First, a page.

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ViaSat plans massive ground network of smaller gateways for ViaSat-2 and ViaSat-3 satellites

ViaSat intends to build 45 gateways for ViaSat-2, followed by hundreds for the ViaSat-3 series. Credit: ViaSat

WASHINGTON — To maximize the capacity from its soon-to-launch ViaSat-2 high-throughput  satellite, ViaSat intends to deploy twice as many ground stations as it did for ViaSat-1.

For its forthcoming trio of ViaSat-3-series satellites, ViaSat wants “hundreds of gateways” to ensure sure each satellite is capable of hitting the 1 terabit-per-second throughput benchmark the Carlsbad, California-based operator set last year.

Speaking with investors May 23, ViaSat Chairman and CEO Mark Dankberg said the only way to guarantee each satellite hits its throughput goals was to modernize the ground infrastructure that links the satellites back to the internet.

“The maximum amount of user bandwidth a broadband satellite can deliver to its users can’t be anymore than the amount it draws from the fiber internet backbone,” he said. “So to get more capacity, you need more gateways.”

Dankberg said the company’s research and development efforts have yielded a gateway system that is significantly lower cost and will recoup the $100 million ViaSat spent on the ground infrastructure for ViaSat-1 through capital investment savings.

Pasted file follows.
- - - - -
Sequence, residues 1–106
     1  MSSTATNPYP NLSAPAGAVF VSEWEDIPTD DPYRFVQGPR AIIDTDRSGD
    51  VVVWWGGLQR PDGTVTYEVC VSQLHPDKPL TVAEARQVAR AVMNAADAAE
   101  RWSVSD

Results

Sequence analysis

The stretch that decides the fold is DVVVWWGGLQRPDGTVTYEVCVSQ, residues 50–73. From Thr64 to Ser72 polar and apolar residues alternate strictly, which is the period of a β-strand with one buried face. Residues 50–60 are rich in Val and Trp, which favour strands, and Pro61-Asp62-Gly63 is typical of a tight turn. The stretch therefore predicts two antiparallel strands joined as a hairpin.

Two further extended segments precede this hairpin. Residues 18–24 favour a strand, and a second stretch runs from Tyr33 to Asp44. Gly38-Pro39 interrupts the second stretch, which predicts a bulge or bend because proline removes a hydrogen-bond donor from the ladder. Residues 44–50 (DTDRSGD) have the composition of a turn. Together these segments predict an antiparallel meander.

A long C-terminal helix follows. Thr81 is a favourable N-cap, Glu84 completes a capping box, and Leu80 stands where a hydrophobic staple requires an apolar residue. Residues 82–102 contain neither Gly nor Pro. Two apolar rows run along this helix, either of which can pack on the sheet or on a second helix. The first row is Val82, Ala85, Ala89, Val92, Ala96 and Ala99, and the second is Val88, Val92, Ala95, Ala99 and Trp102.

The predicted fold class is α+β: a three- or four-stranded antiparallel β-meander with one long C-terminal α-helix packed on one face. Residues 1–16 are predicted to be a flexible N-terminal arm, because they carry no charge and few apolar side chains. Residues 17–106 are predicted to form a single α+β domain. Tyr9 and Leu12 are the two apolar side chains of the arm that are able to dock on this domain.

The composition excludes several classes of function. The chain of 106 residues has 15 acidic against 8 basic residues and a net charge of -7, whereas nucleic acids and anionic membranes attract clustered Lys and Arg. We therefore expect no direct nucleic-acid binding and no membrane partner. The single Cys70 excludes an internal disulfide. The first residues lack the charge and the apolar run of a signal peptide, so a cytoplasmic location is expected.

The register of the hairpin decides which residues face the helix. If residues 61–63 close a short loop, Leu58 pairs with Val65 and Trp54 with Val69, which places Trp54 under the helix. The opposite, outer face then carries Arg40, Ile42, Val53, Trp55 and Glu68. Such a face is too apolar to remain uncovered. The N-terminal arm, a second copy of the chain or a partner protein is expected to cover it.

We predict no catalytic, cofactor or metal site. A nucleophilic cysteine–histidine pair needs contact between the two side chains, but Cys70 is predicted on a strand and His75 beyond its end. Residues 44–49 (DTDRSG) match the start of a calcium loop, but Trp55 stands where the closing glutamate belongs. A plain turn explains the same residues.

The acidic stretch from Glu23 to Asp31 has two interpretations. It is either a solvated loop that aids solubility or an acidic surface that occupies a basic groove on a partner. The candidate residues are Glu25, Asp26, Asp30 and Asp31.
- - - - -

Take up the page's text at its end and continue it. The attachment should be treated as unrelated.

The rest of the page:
ViaSat gateway ground station
ViaSat showing the difference between a ViaSat-1 gateway (left) and a ViaSat-2 gateway (right). Credit: ViaSat

Prepping for ViaSat-2

The 6,400-kilogram ViaSat-2 satellite, built by Boeing Satellite Systems International, is scheduled to launch June 1, on an Ariane 5 rocket. The satellite enables more than twice the 140 gigabits per second of capacity ViaSat-1 has, and boasts seven times the coverage area, beaming high throughput Ka-band capacity over North America, the top of South America, and across the North Atlantic Ocean out to Europe.

ViaSat used part of the company’s fourth quarter fiscal year 2017 earnings conference call to showcase the fruits of its R&D on both the space segment and ground segment sides of ViaSat-2 and 3. Dankberg said ViaSat-1 has 20 gateways that use large, 7-meter antennas and a building to house additional equipment for connecting to fiber internet backbones.

“The [ViaSat-2] gateway antenna is much smaller,” Dankberg said. “All of the ground equipment needed to support it is housed in just two small utility cabinets. There will eventually be more than twice as many gateways for ViaSat-2 than for ViaSat-1, but we can light up the whole satellite with only about half the fully-built quantity.”

In a telephone interview May 24, Dankberg said ViaSat-2 will have 45 gateways, each costing less than half that of a ViaSat-1 gateway. That lower costs comes, in part, from safety in numbers. Dankberg said having so many gateways means each doesn’t have to be built to perfection, because if one fails, others will pick up the slack.

“As an example, with ViaSat-1 you might want a gateway up 99.9 percent of the time, because if a gateway goes down you’ve got tens of thousands of people in coverage without service. If you make the gateway reliability 98 or 99 percent, that last 0.1 or 0.2 percent is so expensive that you can save millions of dollars per gateway and still have high reliability, but now the 1 percent of the time that gateway is down you’ve got several others that are serving all the subscribers,” he explained.

Lower cost backhaul is another reason, he said. Smaller gateways means ViaSat can place them at popular internet access points along fiber backbones — a proximity that  gateways the size of a building can’t always achieve.

Each antenna for a ViaSat-2 gateway will measure slightly over 4-meters across, he said.